I have been intrigued by Guth’s suggestion since I first encountered it. If my calculus was good enough I might try to solve the triple integral of negative (gravitational) energy -m/r^2 vs. distance from an object of known mass to determine whether it equals the mass energy of the object, but hey i’m only a biologist. (intuitively, it seems that they should be.) I’m not sure that it’s possible, but somebody should attempt it.
After some digging, I have found this statement, which seems to confirm what I asked:
The Higgs Boson vs the Spacetime Metric
John A. Gowan
Revised April, 2007
“… although the gravitational field of a particle may seem to be weak, it extends throughout the Universe, and the negative gravitational energy of a particle is equal in magnitude to its positive rest mass energy …”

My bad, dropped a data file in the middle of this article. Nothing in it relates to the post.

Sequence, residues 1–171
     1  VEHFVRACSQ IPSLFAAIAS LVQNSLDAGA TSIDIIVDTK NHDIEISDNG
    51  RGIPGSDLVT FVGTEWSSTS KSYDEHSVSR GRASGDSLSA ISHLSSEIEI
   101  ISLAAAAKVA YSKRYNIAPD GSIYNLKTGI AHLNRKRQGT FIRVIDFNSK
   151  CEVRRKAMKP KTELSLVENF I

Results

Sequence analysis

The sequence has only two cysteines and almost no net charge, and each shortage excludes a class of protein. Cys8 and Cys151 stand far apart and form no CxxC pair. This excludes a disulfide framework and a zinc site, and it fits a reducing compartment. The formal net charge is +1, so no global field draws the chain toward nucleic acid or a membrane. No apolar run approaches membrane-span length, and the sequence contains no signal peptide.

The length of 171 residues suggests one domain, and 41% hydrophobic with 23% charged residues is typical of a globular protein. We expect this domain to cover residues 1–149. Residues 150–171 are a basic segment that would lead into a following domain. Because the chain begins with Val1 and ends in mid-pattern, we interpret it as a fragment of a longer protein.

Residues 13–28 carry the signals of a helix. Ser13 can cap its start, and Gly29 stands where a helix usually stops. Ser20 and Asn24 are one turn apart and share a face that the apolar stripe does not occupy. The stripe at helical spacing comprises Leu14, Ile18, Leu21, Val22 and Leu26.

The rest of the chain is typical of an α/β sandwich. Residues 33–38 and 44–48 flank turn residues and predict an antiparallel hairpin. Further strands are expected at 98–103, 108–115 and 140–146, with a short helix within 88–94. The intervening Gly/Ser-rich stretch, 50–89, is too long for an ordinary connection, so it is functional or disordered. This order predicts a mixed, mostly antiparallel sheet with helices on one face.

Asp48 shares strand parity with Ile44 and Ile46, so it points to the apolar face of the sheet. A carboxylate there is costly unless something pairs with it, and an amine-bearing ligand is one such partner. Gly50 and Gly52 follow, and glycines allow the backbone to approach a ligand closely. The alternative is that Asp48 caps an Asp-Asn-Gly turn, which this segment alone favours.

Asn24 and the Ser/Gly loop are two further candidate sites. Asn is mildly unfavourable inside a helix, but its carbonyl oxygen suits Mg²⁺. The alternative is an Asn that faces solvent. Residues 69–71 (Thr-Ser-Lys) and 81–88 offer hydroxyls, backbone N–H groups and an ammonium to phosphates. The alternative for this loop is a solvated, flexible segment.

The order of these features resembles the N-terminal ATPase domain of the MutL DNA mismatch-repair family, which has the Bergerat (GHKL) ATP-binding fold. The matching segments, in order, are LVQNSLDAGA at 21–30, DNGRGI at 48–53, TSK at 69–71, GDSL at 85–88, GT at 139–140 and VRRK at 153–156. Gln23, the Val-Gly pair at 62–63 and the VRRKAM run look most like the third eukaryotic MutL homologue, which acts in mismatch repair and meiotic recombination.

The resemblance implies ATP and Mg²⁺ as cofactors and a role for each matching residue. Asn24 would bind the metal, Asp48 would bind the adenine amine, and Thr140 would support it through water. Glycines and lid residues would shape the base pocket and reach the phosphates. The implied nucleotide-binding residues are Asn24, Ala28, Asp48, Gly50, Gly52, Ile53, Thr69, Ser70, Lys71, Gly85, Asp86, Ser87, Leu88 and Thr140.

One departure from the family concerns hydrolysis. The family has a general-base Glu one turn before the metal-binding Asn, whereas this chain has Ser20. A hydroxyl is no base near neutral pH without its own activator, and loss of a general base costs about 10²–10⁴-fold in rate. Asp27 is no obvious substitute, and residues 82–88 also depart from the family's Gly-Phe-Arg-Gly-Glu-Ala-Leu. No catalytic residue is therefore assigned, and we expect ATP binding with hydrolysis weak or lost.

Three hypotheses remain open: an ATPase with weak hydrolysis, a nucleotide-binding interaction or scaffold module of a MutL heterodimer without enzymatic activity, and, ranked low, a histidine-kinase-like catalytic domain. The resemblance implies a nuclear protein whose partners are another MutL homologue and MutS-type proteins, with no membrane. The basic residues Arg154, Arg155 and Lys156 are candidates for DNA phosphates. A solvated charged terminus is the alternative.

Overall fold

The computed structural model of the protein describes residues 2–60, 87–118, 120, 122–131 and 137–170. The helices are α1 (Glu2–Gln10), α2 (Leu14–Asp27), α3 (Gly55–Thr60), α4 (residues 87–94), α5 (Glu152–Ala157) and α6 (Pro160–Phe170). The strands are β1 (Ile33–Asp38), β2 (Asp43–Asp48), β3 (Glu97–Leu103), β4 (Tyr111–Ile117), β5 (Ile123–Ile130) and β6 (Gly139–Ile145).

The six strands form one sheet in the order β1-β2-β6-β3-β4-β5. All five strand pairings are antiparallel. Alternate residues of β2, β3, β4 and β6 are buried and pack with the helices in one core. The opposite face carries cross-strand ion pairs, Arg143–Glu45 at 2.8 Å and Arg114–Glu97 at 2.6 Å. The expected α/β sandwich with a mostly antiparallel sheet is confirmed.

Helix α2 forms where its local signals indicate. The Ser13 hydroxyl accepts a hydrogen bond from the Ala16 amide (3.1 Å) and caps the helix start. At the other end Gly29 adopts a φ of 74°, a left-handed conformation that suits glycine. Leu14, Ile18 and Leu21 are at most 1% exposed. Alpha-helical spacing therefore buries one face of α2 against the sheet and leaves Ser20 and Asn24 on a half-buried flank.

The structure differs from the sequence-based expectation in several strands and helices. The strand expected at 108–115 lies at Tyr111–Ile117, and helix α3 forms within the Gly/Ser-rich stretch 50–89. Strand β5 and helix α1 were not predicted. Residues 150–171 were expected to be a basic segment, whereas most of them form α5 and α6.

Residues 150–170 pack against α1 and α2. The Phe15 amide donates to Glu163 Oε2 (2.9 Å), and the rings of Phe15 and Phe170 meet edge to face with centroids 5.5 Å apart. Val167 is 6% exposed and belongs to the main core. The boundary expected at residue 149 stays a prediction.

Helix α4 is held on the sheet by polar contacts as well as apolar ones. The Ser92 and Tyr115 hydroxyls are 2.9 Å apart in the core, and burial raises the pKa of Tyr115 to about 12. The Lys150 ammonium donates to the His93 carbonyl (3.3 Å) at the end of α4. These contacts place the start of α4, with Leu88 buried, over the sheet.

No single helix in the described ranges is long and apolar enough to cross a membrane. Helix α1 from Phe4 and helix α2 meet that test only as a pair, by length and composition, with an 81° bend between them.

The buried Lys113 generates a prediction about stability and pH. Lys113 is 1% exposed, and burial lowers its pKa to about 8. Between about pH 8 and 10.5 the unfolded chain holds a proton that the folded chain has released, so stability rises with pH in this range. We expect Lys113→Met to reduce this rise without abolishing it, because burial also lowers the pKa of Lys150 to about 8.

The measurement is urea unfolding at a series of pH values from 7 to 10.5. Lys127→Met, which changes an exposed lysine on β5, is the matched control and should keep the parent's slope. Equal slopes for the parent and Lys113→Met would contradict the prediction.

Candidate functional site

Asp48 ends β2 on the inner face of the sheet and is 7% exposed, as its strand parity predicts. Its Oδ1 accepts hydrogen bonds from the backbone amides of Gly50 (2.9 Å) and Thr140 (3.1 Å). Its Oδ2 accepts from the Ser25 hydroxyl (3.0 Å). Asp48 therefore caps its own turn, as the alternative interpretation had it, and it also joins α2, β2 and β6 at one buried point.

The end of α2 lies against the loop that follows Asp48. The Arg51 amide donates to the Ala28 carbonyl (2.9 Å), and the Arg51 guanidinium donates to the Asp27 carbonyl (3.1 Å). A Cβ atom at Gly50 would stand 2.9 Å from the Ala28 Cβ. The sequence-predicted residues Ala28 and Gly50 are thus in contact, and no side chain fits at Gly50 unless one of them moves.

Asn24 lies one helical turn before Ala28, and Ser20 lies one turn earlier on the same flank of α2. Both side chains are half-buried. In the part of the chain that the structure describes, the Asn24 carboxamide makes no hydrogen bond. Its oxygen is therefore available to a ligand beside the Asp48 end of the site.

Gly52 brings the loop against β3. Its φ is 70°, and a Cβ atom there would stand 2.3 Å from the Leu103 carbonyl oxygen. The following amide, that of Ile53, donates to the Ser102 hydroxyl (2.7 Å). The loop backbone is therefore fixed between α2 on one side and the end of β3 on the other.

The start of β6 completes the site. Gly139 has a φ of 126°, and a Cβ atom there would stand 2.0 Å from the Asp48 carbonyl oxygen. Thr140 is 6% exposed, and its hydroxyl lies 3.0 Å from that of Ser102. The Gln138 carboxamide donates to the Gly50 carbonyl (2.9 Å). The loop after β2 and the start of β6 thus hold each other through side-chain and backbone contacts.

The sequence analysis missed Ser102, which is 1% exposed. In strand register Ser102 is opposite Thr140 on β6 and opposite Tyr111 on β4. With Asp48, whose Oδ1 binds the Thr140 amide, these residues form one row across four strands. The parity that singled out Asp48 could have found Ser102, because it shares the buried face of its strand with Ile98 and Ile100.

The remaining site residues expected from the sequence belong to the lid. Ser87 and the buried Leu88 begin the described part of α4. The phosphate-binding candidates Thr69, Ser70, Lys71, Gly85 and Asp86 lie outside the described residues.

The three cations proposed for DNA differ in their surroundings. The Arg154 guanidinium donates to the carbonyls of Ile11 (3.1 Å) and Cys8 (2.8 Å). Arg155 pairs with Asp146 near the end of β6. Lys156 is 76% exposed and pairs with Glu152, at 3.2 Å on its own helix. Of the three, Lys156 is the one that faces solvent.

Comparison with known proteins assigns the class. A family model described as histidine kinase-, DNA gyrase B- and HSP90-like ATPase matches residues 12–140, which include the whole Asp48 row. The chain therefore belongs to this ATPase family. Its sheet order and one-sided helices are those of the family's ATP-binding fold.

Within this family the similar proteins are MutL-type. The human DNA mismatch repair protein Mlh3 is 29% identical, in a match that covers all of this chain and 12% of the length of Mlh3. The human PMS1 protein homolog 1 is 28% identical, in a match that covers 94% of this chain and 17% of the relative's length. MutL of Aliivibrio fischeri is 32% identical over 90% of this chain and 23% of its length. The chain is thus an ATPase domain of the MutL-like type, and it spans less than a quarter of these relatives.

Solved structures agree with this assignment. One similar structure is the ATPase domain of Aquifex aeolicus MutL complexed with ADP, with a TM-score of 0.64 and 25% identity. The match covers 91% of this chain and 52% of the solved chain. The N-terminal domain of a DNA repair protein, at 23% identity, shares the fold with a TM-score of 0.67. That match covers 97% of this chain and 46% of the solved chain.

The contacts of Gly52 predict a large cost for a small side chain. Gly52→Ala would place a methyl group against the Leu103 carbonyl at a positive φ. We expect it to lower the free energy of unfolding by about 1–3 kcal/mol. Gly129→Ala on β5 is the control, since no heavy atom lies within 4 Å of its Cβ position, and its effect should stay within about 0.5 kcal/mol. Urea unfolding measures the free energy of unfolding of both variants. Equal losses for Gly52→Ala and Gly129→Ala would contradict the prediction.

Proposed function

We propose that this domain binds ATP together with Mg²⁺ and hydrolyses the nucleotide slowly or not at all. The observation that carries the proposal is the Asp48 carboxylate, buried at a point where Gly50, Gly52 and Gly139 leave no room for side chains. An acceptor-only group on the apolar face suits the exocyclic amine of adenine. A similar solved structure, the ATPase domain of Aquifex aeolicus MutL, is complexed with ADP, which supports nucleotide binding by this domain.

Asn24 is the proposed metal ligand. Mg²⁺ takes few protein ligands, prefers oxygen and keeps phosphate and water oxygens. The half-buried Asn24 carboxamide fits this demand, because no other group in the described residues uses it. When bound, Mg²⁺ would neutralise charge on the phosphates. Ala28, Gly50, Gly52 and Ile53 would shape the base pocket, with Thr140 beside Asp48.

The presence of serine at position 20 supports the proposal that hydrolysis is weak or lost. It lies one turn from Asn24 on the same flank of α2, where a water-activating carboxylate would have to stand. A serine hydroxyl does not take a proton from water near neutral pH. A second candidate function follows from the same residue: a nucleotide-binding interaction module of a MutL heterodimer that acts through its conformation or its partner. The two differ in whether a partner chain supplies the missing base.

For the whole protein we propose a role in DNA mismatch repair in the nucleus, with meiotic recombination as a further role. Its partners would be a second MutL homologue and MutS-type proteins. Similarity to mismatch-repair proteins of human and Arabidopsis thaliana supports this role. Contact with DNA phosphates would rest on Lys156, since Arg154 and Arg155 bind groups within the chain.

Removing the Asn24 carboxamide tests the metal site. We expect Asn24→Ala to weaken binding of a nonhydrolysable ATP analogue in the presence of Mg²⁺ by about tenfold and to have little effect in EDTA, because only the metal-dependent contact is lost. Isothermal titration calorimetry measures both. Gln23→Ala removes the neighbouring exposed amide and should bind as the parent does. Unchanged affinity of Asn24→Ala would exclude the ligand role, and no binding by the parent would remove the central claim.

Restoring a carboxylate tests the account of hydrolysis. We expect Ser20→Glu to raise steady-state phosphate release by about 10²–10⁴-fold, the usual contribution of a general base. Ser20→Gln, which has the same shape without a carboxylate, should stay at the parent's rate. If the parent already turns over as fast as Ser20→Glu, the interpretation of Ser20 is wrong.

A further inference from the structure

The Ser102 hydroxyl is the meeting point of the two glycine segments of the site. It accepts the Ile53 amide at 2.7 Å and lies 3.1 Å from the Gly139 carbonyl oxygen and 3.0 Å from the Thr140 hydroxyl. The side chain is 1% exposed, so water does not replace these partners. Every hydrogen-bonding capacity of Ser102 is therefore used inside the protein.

Matter energy + gravitational energy = 0.
(It’s only a web article, and I’m not sure that it is valid, but I’m going to assume it is until informed otherwise.)
Large Hadron Collider Could Detect “Unparticles”
Written by Ian O’Neill
Understanding the mysterious dark matter in our universe is paramount to cosmologists. Dark matter and dark energy makes up the vast majority of mass in the observable universe. It influences galaxy rotation, galactic clusters and even holds the answer to our universe’s fate. So, it is unsurprising to hear about some outlandish physics behind the possible structure of this concealed mass. A Harvard scientist has now stepped up the plate, publishing his understanding about dark matter, believing the answer may lie in a type of material that has a mass, but doesn’t behave like a particle. “Unparticles” may also be detected by the high energy particle accelerator, the Large Hadron Detector (LHD) at CERN going online in a few weeks time. High energy physics is about to get stranger than it already is…